The blend of military, comedy, and movie is a rare one. The office comedy (give or take an Office Space or two), is usually the domain of the half-hour TV sitcom, rather than the movies. The military comedies (with the exception of Larry Gelbart's long-running M*A*S*H series) are generally genial, lightweight affairs like Hogan's Heroes, Gomer Pyle: USMC or McHale's Navy. In this, her first feature film, director and screenwriter Talya Lavie deftly walks the tightrope of these familiar tropes to produce a fresh and original comedy that's decidedly black and bittersweet and at the same time full of heart and friendship.
Military comedies almost always focus on the oddballs and misfits and.Zero Motivation is no exception, focusing on dour duo Daffi (the base's Paper & Shredding non-com, spiritlessly shredding one piece of paper at a time out of a massive stack) and Zohar (Postal NCO), who has intercepted Daffi's frequent written requests to be transferred to a Tel Aviv base. "Come on, Daffi," urges Zohar in the opening scene. "We'll have some laughs - we'll set the new Minesweeper record." Rama, their by-the-book commanding officer, can't get them in line either though honey or vinegar. Three sequential interconnected vignettes spotlight each of the women seemingly unobtainable goals to escape from the camp with dignity, and how the whole system is derailed by the arrival of a new non-com, Tahila. Daffi introduces Tahila to everyone as her replacement in the office, and the first act suffers from the anticipation that her excited belief is, a little too obviously, setting her up for a fall. But Tahila supplies the film's catalyst in a dark twist, ratcheting up the tension and kicking the plot into place, at the same time bringing out some fine serious and comic performances from its immensely talented cast. Dana Igvy as Zohar especially stands out with a lustrous glower and her glum pessimism mined with a sharp comic timing.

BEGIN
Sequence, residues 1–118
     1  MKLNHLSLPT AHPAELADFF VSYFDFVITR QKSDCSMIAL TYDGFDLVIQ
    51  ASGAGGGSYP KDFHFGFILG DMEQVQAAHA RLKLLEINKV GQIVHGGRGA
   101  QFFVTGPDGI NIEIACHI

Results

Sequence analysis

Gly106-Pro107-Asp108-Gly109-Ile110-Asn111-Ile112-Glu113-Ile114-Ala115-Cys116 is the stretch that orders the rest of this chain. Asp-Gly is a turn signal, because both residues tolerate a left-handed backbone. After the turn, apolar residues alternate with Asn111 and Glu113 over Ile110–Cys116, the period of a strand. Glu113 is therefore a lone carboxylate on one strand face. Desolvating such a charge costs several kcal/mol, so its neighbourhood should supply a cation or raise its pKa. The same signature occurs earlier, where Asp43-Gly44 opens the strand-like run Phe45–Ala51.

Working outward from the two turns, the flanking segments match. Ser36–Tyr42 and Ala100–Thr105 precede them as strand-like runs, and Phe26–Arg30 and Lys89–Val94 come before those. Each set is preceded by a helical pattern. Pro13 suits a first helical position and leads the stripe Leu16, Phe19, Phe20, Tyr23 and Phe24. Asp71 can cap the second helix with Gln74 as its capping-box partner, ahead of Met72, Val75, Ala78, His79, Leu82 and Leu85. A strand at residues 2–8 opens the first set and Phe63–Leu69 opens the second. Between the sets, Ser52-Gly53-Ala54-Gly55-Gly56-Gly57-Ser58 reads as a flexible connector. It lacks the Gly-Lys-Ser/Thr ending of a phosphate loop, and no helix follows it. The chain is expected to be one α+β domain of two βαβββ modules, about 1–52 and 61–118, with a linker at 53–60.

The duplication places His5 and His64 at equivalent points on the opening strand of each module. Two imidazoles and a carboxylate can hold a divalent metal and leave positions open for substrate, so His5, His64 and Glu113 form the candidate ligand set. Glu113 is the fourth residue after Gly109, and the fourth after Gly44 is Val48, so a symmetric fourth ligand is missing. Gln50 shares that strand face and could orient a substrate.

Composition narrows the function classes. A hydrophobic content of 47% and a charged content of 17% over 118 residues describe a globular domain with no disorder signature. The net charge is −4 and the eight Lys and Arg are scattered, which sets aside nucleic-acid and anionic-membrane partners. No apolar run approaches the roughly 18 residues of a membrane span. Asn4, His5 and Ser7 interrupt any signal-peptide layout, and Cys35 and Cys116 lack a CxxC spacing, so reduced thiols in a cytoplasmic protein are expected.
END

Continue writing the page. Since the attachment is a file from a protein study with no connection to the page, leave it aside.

Fine performances, well-staged set pieces, savage and sharp catfight insults, and the somber desert-and-khaki color palette give Zero Motivation a bite beyond its plot summary. and it's the first film I've ever seen that sets up a pair of heavy-duty staplers set up to literally become Chekhov's guns. I fear its probable English-language American remake - aside the essential backdrop of mandatory Israeli military service, I can't picture that Hollywood would ever do justice to this dark and funny, clevely nuanced story. While Zero Motivation isn't of the caliber of classic military comedies movies like M*A*S*H or Catch-22, it's both highly entertaining and thought-provoking, and you'll be cheering for each of the leads to get what they desire most, even though life, especially in the desert and in the military, never tends to work out that way.
For details on Zero Motivation at the 2014 Tribeca Film Festival, visit the festival website.